The Day the Sun Set on Amacus – by John Cousineau

John Cousineau is a friend of mine. He’s taking a break now, but I wanted you all to read his last post on LinkedIn.

Previously posted in December, 2017 on LinkedIn

Twenty-one years ago, I founded The aim was simple: help firms profit from innovative uses of available technology and information.

What a journey it’s been.

For the past 16 years, we’ve helped sales teams improve their results by improving their practices. It all began with a challenge from the PGA Tour: grow ticket sales for the AirCanada Championship. They doubled their ticket sales in 2 weeks. Everyone involved was elated.

Today, it’s over. Yesterday, our business closed.

A short reprise on the state of AMACUS at closure: users could simultaneously eliminate performance blindspots, continuously improve, and do both at speed. It blended the wisdom of:

  • Ed Tufte, on the need to create data visualizations that create new conversations. From a sharper, richer, view of what’s going on and how well it’s working.
  • Peter Senge, Steven Spear, and John Hagel, on imperatives and methods for speeding what’s learned in the flow of what’s done.
  • Nassim Taleb and General Stanley McCrystal, on de-risking the execution of strategies fraught with complexity and uncertainty.
  • Tim Brown, on design thinking.

The highs we witnessed were many. And occurred in many industries. In every successful situation, there were two common themes: a hunger amongst Reps to figure things out; and leaders who actively did their part to make it happen.

We did all of this at a time when sales organizations are typically failing to perform to expectations. Many are under enormous pressures to improve performance. And struggling to find ways to do so. A kind of ‘quiet desperation’.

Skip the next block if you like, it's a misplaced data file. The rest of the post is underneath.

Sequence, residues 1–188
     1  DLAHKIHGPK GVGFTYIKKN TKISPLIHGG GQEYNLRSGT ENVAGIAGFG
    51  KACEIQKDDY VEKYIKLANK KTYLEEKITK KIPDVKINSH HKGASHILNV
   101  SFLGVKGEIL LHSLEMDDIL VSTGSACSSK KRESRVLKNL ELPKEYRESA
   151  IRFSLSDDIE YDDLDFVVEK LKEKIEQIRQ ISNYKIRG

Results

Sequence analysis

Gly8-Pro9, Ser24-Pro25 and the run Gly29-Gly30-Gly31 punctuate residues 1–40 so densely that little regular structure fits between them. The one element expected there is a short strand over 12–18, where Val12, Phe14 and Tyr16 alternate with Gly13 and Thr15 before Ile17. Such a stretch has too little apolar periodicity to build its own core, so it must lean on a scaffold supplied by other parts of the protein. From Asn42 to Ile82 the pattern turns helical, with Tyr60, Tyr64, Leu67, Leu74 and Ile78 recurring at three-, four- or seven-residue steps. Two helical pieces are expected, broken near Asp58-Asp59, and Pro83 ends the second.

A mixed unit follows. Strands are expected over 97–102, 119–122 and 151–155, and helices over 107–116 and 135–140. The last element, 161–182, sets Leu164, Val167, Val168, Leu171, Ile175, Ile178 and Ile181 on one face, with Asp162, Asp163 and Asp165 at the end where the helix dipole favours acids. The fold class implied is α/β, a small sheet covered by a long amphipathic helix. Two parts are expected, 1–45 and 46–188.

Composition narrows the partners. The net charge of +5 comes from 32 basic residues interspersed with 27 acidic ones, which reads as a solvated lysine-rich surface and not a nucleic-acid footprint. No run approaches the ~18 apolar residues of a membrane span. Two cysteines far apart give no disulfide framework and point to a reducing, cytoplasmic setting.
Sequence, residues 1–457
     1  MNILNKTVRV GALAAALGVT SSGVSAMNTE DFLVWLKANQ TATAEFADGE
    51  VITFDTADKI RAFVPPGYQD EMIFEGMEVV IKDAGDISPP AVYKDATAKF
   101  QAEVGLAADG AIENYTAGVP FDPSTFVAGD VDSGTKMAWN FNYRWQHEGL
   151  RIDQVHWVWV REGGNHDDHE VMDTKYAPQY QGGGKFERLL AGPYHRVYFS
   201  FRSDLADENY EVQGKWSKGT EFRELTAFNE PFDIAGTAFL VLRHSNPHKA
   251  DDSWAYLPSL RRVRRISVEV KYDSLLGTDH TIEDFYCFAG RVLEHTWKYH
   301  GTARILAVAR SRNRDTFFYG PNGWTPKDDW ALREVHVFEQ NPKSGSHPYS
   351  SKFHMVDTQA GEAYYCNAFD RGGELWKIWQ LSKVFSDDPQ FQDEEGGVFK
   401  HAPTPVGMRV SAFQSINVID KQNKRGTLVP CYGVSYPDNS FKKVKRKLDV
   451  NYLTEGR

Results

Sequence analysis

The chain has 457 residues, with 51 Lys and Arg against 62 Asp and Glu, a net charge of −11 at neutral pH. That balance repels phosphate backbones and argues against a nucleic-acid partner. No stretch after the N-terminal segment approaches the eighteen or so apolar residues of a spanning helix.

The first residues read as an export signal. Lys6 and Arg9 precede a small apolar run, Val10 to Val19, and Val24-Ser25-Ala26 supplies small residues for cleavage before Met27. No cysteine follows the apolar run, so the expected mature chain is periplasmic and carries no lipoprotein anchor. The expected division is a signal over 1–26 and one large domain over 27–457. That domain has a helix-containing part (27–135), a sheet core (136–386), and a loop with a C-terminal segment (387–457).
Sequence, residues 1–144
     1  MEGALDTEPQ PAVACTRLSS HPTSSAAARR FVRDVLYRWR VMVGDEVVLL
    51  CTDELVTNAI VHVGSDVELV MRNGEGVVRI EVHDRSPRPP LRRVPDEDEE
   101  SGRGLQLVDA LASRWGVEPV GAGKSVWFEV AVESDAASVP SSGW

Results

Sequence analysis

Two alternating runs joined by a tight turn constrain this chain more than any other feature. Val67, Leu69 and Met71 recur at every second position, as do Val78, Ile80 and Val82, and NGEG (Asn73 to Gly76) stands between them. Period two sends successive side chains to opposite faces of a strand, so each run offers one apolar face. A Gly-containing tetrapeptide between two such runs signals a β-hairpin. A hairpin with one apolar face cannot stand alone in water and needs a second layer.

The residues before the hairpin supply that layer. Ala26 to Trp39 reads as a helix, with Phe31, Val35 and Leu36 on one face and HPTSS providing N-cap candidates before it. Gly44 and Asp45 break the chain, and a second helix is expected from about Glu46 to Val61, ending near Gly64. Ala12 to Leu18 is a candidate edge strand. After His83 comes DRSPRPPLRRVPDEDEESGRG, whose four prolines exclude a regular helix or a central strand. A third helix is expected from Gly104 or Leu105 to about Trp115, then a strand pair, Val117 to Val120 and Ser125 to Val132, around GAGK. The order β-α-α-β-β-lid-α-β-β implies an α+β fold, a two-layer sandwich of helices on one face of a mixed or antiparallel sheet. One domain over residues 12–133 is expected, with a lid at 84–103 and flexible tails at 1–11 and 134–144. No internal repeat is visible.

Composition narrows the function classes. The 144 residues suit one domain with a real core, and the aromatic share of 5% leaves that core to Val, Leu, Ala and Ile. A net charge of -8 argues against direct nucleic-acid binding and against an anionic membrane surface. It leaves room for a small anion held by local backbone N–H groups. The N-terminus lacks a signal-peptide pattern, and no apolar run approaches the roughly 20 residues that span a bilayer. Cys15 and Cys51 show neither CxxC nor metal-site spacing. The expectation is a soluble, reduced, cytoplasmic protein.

Sounds like perfect timing, right? Wrong.

From what we’ve seen, the sales industry isn’t trusted by other parts of the business. When people don’t trust one another, their odds of learning from each other suffer immensely. Worse than that, it breeds a culture in which everyone’s out to prove how good they are, rather than improve how good they are. What’s to learn if you ‘know’ what works?

Such a mindset is a serious barrier to better. And it proved to be a block to our growth. The concept of testing, with such folks? Testing for evidence that proves they’re right. Your testing machine doesn’t prove that? “It’s all your fault”. An industry that’s hell bent on fixing blame for disappointing results is going to endlessly struggle to fix the root causes of those disappointing results.

In the end, life goes on. Someday, perhaps, those involved in and around B2B sales will wake up to the idea that there’s tons of room to improve. And an imperative to get there. As buyers needs and choices continue to evolve.

Hope I live long enough to see it happen.

I’ll be the 1st person applauding those who get there.

In the meantime, my deepest gratitude to those of you who’ve been a part of this. Enormously proud of what we collectively accomplished.


About John Cousineau, who’s taking a break:

John’s spent over 30 years accelerating business performance by revealing, with analytics, what’s required to do so. His mantra: help teams find ways to out-perform expectations. By learning their best ways to do so. With practice, agile methods, and fast feedback.

He’s been doing it for a while. Dropped his first deck of punch cards in 1977. Used his first spreadsheet in 1980. Had his first email account in 1981. Co-produced the first internet video for the PGA tour in 1999. Through these and other early learning opportunities, John’s found ways to drive better business results by helping people do their daily work with more impact. From seeing their impacts more clearly and quickly.

He’s had the privilege of doing so with top-grade organizations such as the 2010 Winter Olympic Games, Forrester Research, Schenker Global Logistics, Tectura, Zend Technologies, Industry Canada, GP Strategies, and the Canadian Department of Foreign Affairs and International Relations.

Over the past 10 years, he’s written over 200 blog posts. Some x-syndicated to Forbes,, and CustomerThink. Known to some as ‘Bracket Man’ for his equation abstractions, on social media, of ideas he sees as worth noting.

He’s hung up his mouse. At least for now.


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